Welcome back to Term 3 and what better way to begin than with our Teaching and Learning Conference at Newcastle University.
I am scribing this message from my daughter’s home on the Gold Coast, as she has just given birth to another son and I am caring for the other two boys. As you can imagine the schedule is a busy one and so I don’t imagine this will be a lengthy message, as I write between pick-ups and hospital visitation and preparing meals and doing the washing!!! Mum and baby are doing well and we thank God for the blessings of the safe arrival of another member of our growing family.
I recognised during this past week that it would be difficult for me to put thoughts to paper because of our local news headlines coupled with those national headlines of family violence, the rescue of the young boys in Thailand and some personal family matters. These have left me feeling flat and sad, without words, really. I imagine many of you are able to identify with what I am trying to say and I had contemplated just using the word ‘silence’ for the message.
There are weeks when this message gradually unfolds and last week was one of those occasions. One of the big topics emerging for the Australian Plenary Council of 2020/21 is around the role of women in the Catholic Church. For most of us this does not come as a surprise - and yet I sense a degree of resistance, particularly from those in leadership.
I hope your consciousness was raised during Refugee Week in Australia. On Thursday, 21 June, our shortest day, I stood in silence and in solidarity with over one hundred others, on King Street, at Civic Park, in support of Refugees across our globe. This is a weekly event, however more gathered on this day because of Refugee Week and World Refugee Day (June 20). I also hope some of you attended the Unity in Diversity Festival at Hamilton, or other events that may have been held across the diocese. Those people who come to our shores show great courage in choosing a new way of life, away from their homelands, their culture, language, food, work, and all that is familiar to them.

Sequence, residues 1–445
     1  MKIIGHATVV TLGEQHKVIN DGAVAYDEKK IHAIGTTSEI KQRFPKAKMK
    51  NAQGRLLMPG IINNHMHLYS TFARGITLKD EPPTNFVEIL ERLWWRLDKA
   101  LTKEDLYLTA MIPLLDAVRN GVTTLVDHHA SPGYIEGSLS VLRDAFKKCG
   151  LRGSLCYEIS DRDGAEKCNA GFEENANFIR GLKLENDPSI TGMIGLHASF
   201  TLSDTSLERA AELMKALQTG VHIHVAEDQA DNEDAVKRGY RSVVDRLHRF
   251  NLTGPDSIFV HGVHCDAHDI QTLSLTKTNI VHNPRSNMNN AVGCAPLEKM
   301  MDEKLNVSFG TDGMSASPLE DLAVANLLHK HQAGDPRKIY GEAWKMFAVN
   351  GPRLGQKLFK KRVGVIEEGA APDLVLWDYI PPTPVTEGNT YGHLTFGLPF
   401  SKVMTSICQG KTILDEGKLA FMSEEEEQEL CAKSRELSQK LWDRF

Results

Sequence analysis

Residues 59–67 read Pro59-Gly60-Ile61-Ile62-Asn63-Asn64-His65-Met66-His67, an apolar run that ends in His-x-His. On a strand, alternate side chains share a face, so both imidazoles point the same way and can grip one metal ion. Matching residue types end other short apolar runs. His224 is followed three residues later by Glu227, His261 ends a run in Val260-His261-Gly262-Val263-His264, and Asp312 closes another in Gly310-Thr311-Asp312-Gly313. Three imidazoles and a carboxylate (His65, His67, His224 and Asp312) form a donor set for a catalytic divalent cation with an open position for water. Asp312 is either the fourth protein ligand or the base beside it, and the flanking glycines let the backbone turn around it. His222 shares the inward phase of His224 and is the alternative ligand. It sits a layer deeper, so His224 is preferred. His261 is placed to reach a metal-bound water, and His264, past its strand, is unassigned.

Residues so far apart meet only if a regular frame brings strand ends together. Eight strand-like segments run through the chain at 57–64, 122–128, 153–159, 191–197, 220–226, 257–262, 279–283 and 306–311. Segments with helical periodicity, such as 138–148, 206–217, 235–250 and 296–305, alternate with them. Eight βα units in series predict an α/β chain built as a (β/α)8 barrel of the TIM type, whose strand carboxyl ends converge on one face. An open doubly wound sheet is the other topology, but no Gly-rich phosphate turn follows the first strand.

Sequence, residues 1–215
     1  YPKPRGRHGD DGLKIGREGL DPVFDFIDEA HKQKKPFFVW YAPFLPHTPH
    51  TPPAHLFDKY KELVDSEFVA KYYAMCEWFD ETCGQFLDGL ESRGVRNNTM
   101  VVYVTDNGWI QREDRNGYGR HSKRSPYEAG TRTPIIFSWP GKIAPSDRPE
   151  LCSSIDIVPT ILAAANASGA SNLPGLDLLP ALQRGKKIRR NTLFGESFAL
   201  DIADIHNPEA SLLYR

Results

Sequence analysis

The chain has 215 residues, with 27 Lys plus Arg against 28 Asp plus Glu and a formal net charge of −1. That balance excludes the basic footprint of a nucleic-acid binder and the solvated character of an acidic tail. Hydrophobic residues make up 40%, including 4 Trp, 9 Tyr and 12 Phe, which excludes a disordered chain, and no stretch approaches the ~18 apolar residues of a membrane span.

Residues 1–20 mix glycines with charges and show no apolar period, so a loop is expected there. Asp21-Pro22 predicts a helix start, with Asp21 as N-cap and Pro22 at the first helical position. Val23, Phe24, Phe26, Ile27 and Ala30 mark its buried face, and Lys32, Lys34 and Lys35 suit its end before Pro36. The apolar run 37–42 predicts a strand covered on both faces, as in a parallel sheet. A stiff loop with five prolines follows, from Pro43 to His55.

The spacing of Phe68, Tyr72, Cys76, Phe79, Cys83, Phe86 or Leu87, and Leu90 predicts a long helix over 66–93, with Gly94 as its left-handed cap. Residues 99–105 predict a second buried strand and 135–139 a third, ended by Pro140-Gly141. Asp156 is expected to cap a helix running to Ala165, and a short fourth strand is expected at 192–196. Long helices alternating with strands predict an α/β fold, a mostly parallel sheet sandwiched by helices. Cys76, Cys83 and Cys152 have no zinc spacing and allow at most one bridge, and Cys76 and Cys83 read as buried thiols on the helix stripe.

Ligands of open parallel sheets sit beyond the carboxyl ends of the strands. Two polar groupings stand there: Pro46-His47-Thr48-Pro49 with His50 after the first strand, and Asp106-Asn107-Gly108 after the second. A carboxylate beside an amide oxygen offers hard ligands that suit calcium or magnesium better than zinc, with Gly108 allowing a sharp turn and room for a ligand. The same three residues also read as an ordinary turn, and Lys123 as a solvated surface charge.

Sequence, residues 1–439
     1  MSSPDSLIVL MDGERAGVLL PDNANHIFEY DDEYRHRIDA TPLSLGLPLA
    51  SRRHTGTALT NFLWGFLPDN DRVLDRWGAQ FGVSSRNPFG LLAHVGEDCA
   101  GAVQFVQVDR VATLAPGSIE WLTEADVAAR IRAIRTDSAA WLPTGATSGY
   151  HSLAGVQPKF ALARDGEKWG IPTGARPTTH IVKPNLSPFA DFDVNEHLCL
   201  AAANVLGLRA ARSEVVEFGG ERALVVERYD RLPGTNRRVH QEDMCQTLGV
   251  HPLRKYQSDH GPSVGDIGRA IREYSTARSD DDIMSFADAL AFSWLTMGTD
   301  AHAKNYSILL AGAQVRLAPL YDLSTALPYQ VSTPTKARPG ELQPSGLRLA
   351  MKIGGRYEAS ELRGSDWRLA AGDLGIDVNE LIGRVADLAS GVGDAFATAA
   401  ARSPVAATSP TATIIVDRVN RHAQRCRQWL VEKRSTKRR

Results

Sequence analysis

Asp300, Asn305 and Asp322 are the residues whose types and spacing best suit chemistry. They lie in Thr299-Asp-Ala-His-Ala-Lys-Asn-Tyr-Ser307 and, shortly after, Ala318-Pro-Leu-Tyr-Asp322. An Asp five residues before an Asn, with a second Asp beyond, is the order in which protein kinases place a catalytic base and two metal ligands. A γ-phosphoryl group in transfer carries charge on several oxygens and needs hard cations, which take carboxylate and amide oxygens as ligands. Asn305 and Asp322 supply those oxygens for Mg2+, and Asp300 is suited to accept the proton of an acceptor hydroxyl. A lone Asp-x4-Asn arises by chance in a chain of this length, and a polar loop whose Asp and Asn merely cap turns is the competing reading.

This week, I am scribing my message earlier than usual because I am up north for the weekend helping one of our daughters to prepare for the birth of her next child. I will be occupied with living in the present in order to assist in preparing her, her family and all of us for this new reality. In writings around rites of passage, this is called the liminal space, the space of being ‘not there yet’. It is a time of anticipation but also a time of fear and wondering, for what may or may not eventuate, a time of unknowing and yet a time of trusting. In these liminal spaces, we really do need each other because we face the unknown.
Last week saw the presentation to the CBGA (Catholic Block Grant Authority) of the proposed new school, Catherine McAuley Catholic College at Medowie.